Sceptics using unfair arguments? Surely not!
Published in The Skeptic, Volume 16, Issue 3 (2003)
David W Owens advises his fellow believers on how to avoid being bamboozled by their devious opponents …
DO YOU EVER get into an argument with a sceptic only to end up exasperated and feeling you’ve been bamboozled? Sceptics are often highly skilled at tying up opponents in clever verbal knots. Most sceptics are, of course, ordinary, more-or-less honest people who, like the rest of us, are just trying to make the best sense they can of a complicated and often confusing world. Others, however, are merely glib sophists who use specious reasoning to defend their prejudices or attack the ideas and beliefs of others, and even an honest sceptic can innocently fall into the mistake of employing bad reasoning.
In reading, listening to, and sometimes debating with sceptics over the years, I have found certain tricks, ploys and gimmicks which they tend to use over and over again. Here are some of them. Perhaps if you keep them in mind when arguing with a sceptic, you’ll feel better when the debate is over. Shucks, you might even score a point or two.
Raising the bar (or impossible perfection)
This trick consists of demanding a new, higher an more difficult standard of evidence whenever it looks if a sceptic’s opponent is going to satisfy an old on Often the sceptic doesn’t make it clear exactly what the standards are in the first place. This can be especially effective if the sceptic can keep his opponent fro noticing that he is continually changing his standard evidence. That way, his opponent will eventually give up in exasperation or disgust. Perhaps best of all, if his opponent complains, the sceptic can tag him as whiner or a bad loser.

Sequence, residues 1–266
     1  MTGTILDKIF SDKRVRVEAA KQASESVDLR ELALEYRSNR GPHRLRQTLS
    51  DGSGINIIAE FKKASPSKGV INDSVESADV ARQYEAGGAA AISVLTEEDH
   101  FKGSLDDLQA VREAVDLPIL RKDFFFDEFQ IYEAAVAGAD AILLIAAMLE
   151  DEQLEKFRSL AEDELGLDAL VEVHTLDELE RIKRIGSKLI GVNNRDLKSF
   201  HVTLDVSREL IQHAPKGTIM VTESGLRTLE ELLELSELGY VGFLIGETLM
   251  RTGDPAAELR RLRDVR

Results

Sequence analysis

Sceptic (S): I am willing to consider the psi hypothesis if you will show me some sound evidence.
Opponent (O): There are many thousands of documented reports of incidents that seem to involve psi.
S: That is only anecdotal evidence. You must give me laboratory evidence.
O: Researchers A–Z have conducted experiments that produced results which favour the psi hypothesis.
S: Those experiments are not acceptable because of flaws X, Y, and Z.
O: Researchers B–H and T–W have conducted experiments producing positive results which did not have flaws X, Y, and Z.
S: The positive results are not far enough above chance levels to be truly interesting.
O: Researchers C–F and U–V produced results well above chance levels.
S: Their results were achieved through meta-analysis, which is a highly questionable technique.
O: Meta-analysis is a well-accepted method commonly used in psychology and sociology.
S: Psychology and sociology are social sciences, and their methods can’t be considered as reliable as those of hard sciences such as physics and chemistry. Etc. etc. ad nauseum.
Sock ‘em with Occam
Sceptics frequently invoke Occam’s Razor as if the Razor automatically validates their position. Occam’s Razor, a principle of epistemology (knowledge theory), states that the simplest explanation which fits all the facts is to be preferred – or, to state it another way, entities are not to be multiplied needlessly. The Razor is a useful and even necessary principle, but it is largely useless if the facts themselves are not generally agreed upon in the first place.